Friday, September 9, 2011

Seasme Street Count It Higher (2005)

Count on Sesame Street: Count It Higher for fun.

Welcome a new school year with this great collection of music videos which originally aired on Sesame Street in the 1970s and 1980s.


Seven songs are featured in this 30-minute collection hosted by, who else, The Count.

Younger viewers can dig counting from one to 12 and learning about words beginning with "z" while adults are able to get down and groove to parodies of songs from The Beatles, ZZ Top and Bill Haley and the Comets.

The Fab Four get two terrific tributes in this collection. Letter B is based on, yes, Let It Be. Beatles fans might scratch their heads a little bit at this takeoff. The Muppet band is decked out in matching green jackets and white shirts a la early Beatles. Go figure.

Here's a great line from lyricist Christopher Cerf:

"When I find I can't remember what comes after A and before C, my mother always whispers Letter B."


Twist and Shout started with the Isley Brothers, but it was also a standout track from the Fab Four's debut disc. Here, with Count It Higher, with much encouragement, band members manage to count to 10. Hurray!

For lots of fun, and to sharpen numeracy skills, Honk Around the Clock (1982) offers about a half-dozen colorful Honkers squeezing their noses, to make honking sounds, while bopping around a big clock. This could be the most musical fun with The Muppets since Mahna Mahna (1968).

Creativity is always a big selling point with Sesame Street and The Muppets. The highlight for great minds conceiving of a memorable idea in this collection is The Ten Commandments of Health. The 1978 effort is based on The Ten Commandments of Love from Harvey and the Moonglows (1958).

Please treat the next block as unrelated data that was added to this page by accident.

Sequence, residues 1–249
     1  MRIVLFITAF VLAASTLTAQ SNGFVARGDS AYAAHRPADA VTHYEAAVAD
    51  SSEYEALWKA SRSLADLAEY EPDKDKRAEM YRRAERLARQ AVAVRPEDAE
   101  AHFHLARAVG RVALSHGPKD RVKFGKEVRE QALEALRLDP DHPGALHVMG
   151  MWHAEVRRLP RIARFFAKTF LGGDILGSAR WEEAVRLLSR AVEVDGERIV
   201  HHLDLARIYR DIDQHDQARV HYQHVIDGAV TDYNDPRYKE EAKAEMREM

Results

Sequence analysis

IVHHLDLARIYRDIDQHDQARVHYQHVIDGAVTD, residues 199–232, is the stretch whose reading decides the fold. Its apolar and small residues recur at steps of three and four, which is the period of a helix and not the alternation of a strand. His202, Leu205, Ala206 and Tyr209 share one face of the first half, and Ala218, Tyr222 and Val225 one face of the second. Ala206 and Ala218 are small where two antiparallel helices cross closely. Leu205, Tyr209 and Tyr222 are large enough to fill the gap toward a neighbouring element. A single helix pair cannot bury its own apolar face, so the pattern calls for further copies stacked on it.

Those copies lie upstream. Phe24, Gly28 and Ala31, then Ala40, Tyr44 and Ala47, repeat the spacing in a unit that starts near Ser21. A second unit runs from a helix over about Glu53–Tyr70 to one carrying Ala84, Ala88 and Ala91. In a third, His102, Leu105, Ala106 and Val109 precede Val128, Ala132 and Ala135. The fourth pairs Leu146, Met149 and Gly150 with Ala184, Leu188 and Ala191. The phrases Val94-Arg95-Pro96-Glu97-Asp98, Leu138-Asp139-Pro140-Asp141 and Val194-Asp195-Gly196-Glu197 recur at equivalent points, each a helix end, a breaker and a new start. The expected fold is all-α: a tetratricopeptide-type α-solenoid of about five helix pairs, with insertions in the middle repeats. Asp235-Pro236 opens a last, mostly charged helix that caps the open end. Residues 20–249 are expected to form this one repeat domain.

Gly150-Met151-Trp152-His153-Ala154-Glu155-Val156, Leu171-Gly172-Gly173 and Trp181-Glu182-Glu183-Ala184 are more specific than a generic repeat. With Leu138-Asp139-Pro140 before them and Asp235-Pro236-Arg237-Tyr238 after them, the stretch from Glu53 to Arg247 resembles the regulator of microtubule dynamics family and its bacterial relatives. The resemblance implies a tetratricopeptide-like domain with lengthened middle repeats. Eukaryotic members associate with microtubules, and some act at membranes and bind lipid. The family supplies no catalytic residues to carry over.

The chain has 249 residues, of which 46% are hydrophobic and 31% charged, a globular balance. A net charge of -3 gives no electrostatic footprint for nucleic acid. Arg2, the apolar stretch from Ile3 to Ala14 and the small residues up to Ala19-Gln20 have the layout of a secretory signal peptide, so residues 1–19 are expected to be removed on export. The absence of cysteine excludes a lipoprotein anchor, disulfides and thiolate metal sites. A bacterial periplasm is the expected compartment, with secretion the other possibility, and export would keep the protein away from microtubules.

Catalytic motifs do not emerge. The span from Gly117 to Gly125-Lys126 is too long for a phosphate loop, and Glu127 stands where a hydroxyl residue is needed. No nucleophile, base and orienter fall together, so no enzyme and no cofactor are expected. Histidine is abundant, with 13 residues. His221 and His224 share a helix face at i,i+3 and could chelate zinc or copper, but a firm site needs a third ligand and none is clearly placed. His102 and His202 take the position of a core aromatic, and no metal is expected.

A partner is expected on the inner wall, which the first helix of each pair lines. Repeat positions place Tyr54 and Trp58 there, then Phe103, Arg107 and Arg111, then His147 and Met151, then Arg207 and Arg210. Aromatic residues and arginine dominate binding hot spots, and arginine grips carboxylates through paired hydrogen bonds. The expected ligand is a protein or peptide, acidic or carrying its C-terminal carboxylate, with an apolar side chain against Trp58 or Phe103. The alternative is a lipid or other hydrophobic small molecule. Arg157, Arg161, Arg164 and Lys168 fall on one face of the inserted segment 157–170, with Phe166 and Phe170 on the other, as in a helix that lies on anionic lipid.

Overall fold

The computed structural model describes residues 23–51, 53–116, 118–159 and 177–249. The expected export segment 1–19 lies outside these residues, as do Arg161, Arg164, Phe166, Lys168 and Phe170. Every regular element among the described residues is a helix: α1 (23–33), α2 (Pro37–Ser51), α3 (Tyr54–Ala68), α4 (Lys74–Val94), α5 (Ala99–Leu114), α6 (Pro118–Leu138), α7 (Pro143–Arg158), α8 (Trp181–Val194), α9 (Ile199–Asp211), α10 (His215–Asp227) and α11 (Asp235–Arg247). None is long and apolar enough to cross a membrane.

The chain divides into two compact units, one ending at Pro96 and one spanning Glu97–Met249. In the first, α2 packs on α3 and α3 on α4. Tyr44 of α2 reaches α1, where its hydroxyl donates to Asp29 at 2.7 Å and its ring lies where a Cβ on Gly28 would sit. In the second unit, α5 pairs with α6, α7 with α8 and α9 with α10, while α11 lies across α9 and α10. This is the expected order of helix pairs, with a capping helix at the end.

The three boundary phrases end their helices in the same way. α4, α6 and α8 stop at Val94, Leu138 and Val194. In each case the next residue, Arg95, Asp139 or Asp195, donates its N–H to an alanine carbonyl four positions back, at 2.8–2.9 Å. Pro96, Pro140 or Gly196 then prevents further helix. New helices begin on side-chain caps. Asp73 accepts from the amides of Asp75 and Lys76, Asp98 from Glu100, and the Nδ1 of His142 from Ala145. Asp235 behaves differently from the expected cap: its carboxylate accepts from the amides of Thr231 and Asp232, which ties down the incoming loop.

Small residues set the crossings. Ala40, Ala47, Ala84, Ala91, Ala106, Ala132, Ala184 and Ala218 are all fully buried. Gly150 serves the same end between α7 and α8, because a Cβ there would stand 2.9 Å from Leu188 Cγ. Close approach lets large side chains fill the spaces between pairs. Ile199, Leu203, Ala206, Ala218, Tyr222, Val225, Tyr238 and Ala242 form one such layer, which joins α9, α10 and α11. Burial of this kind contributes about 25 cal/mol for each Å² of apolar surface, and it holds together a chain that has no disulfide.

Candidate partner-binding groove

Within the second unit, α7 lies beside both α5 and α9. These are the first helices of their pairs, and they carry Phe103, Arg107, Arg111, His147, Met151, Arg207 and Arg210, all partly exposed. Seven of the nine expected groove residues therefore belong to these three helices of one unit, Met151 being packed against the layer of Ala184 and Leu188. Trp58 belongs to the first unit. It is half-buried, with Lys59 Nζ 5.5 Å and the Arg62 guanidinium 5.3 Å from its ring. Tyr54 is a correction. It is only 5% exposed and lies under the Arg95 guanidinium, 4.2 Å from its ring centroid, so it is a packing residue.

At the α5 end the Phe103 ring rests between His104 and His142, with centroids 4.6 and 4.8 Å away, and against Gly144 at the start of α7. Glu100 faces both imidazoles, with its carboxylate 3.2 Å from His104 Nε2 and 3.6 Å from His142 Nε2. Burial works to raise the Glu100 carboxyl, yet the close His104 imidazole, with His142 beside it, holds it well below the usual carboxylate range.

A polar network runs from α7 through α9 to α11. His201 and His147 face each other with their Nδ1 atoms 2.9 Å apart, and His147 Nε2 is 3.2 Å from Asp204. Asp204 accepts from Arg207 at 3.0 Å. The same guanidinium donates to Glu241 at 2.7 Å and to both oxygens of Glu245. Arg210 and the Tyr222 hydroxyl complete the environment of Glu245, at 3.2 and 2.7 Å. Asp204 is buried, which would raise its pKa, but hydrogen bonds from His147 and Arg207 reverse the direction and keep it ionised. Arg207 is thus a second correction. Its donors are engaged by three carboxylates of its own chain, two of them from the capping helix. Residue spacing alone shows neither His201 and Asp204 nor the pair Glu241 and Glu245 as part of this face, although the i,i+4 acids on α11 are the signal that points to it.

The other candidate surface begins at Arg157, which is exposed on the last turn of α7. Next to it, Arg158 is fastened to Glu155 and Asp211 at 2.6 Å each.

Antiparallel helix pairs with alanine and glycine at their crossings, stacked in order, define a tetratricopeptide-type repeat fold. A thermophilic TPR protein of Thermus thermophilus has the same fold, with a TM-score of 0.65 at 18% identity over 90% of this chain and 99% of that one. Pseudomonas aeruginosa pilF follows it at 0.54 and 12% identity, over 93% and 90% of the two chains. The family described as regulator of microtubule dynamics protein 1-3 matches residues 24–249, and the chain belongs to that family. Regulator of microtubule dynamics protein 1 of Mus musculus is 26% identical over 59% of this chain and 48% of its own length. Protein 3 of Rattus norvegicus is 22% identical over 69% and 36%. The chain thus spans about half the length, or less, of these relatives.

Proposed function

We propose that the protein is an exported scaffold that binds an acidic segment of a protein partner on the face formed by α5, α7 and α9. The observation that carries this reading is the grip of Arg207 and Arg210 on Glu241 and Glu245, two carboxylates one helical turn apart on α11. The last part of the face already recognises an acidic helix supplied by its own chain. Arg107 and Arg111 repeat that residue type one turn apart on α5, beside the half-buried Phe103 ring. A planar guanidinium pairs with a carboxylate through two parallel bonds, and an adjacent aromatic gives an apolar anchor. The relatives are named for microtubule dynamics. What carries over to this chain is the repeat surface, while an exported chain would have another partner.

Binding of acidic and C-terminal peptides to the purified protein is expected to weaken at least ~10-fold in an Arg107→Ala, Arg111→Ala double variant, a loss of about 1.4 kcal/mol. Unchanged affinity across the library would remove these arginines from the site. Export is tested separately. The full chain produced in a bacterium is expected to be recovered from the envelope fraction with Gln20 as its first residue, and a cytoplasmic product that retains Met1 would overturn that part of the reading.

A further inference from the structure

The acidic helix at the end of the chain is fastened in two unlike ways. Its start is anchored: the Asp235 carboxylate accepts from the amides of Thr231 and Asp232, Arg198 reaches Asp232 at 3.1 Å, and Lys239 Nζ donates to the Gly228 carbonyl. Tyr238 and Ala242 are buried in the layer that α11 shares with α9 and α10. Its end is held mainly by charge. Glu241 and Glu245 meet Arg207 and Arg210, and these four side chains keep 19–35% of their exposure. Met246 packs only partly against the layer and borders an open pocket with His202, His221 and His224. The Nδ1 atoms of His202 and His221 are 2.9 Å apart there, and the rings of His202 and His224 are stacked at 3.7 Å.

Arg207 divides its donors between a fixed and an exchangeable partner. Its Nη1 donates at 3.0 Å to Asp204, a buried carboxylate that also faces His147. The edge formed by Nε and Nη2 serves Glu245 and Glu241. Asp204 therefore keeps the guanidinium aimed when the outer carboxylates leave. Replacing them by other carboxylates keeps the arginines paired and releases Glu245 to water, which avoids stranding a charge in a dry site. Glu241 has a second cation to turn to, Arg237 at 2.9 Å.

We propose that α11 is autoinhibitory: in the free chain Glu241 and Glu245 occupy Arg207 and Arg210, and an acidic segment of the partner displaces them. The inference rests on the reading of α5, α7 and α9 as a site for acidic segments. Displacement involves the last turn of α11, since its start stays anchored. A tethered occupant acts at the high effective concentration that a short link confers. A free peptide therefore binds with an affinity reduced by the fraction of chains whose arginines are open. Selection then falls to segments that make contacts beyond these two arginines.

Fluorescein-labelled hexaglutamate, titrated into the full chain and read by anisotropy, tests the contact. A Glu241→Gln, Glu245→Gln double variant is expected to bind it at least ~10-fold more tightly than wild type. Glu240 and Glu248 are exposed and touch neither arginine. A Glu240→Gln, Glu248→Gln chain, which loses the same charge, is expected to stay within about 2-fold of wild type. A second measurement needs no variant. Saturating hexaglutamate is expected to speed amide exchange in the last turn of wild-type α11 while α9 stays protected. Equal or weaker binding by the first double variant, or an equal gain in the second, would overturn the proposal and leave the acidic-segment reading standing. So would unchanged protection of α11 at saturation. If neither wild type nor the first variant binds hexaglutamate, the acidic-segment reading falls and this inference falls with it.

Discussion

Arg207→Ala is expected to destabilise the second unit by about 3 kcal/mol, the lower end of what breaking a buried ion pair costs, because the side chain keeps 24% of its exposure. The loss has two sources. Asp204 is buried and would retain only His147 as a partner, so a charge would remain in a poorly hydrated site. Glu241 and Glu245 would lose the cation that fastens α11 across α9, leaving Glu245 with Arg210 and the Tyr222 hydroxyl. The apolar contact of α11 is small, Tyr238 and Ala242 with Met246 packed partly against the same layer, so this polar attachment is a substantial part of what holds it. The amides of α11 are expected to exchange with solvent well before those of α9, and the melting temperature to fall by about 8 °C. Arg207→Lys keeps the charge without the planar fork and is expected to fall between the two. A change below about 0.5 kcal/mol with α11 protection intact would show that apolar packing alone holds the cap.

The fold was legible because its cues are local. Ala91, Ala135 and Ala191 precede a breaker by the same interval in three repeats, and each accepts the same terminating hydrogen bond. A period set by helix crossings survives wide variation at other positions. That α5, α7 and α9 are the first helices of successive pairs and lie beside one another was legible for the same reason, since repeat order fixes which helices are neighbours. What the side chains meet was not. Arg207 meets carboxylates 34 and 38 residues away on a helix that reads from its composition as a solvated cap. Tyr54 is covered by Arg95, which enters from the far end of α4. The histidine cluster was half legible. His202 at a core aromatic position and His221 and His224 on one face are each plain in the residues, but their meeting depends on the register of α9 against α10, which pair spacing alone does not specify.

This doo wop song is set in a hospital operating room. IV bottles are used for bells. The patient has a deep bass voice who repeats lyrics, just like The Ink Spots. This is great fun.


Kermit the Frog scored a big solo hit with It's Not Easy Being Green. His plea for self-acceptance continues with Do-Op Hop.

"I don't know how to fly, high up in the sky" he says.
"A frog is what I am. I'm as happy as a clam."

Kermit can also hop, which he does with great enthusiasm in this video from 1984.

Count It Higher highlights the talents of folks like Christopher Cerf, Sara Durkee and Norman Stiles who have created songs that teach and offer lots of laughs.

The Muppet Wiki offers neat background on these tracks.

My only beef: How about some commentary from Cerf, who has his hands on most of these tracks. How does he decide on the songs he chooses? How do musicians react when they are tapped to perform these songs? Would such an effort be considered a career highlight? What does a parodist like Weird Al Yankovic make of these tunes?

RATING: 8/10

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